Finally, 2015 wouldn’t be complete without listing the winners of our eighth annual Top Ten Innovations competition. The exciting new products that earned top spots in the minds of our independent judges include reagent kits that characterize energy profiles and immune states, a light microscope that can peer deep into living cells with 3-D detail, and even a next-gen sequencer for the forensic laboratory fully capable of proving the relationship between me and my children.

Catch you next year. 

Mary Beth Aberlin  Editor-in-Chief

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Avatar of: DaveSSI


Posts: 9

December 3, 2015

Science once again acting out like the Monty Python "Only Thing" skit.  Of course there is far more to phenotype than genotype.  Science contiually acts as though what it knows is mostly all there is to know except for a few loose ends, the antithesis of real science.  Thinking of the genome as all there is to know is like buying a DEC Rainbow personal computer back in the 1980's and then finding out it didn't even have an operating system and actual programs never did arrive.  Not only is the genome not the only thing but its usual mechanism for change is not  acidental mutation with its vanishingly small likelyhood of benefit.  Other bits of phenotype provide the mechanism to prototype changes which when proving beneficial over the long term may be incorporated as hard changes to the genome.  To quote geneticist Eva Jablonka, "the genetic cart is led by the epigenetic horse" and the epigenetic bit contains a lot morre than methyl tags on genes.  But there's a warning, thinking about phenotype may well hurt our heads because as yet we know so little about how it is implemented.  Another example of how wide can be the gulf of understanding; it's only recently dawned on us that we directly depend for life upon an order of magnitude more genes than are in our actual genome because the genes in the essential symbiotic organisms in the gut alone contain that many more genes than are in our genome.   We need to get our understanding of our genome in proper perspective.  Right now we have a genome-centered view analagous to the Earth-centered view of the universe of not so long ago.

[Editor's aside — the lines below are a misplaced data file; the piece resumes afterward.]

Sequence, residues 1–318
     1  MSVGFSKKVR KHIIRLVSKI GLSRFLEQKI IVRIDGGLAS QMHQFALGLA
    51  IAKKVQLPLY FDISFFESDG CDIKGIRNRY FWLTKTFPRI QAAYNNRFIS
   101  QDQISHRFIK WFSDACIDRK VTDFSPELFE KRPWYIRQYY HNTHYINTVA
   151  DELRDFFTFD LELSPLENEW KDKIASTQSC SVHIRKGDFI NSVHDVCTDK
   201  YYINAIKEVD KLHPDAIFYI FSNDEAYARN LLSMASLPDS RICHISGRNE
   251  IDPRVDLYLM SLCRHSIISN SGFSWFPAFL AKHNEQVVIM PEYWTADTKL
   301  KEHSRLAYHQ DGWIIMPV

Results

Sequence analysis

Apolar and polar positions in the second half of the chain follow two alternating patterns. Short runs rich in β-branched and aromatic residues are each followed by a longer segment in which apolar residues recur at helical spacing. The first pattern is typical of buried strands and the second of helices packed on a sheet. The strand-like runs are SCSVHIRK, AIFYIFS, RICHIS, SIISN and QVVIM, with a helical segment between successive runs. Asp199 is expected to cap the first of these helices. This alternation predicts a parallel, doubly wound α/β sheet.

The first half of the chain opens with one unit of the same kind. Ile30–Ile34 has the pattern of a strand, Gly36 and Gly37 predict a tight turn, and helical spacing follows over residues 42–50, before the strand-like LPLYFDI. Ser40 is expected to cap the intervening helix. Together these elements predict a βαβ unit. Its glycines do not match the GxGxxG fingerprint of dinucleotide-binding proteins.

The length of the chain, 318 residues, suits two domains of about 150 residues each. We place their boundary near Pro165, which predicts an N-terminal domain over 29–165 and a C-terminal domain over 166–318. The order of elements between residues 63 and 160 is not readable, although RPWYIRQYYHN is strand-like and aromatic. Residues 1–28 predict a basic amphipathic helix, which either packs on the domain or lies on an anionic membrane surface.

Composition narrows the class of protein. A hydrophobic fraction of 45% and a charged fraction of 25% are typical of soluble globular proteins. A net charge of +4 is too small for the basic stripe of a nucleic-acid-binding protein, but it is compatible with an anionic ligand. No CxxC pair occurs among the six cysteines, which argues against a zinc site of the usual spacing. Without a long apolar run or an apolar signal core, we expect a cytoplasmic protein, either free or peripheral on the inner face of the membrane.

Avatar of: Jay Thakar

Jay Thakar

Posts: 16

December 25, 2015

The story on epigenetics tells us that more we know, more we don't know. Meanwhile the search for the perfection (Nirvana) continues. Just to mentioned that in Hindu belief some portion of the inheritance and hence the phenotype is derived from the previous birth of soul. I think this referred to as PINDDEH or I may say it as BIJDEH, the inheritance attached to mental activities of a person.

Avatar of: Zarathrustra


Posts: 2

December 25, 2015

I may be missing something, but ever since epigenetics came on the scene, it seemed to me that this did to some extent validate Lamark's thesis - but I've never seen this commented one. Oh, and wasn't there a Russian - Lysenko? - who theorised along the same lines. Both were ridiculed for a long time. Not any more?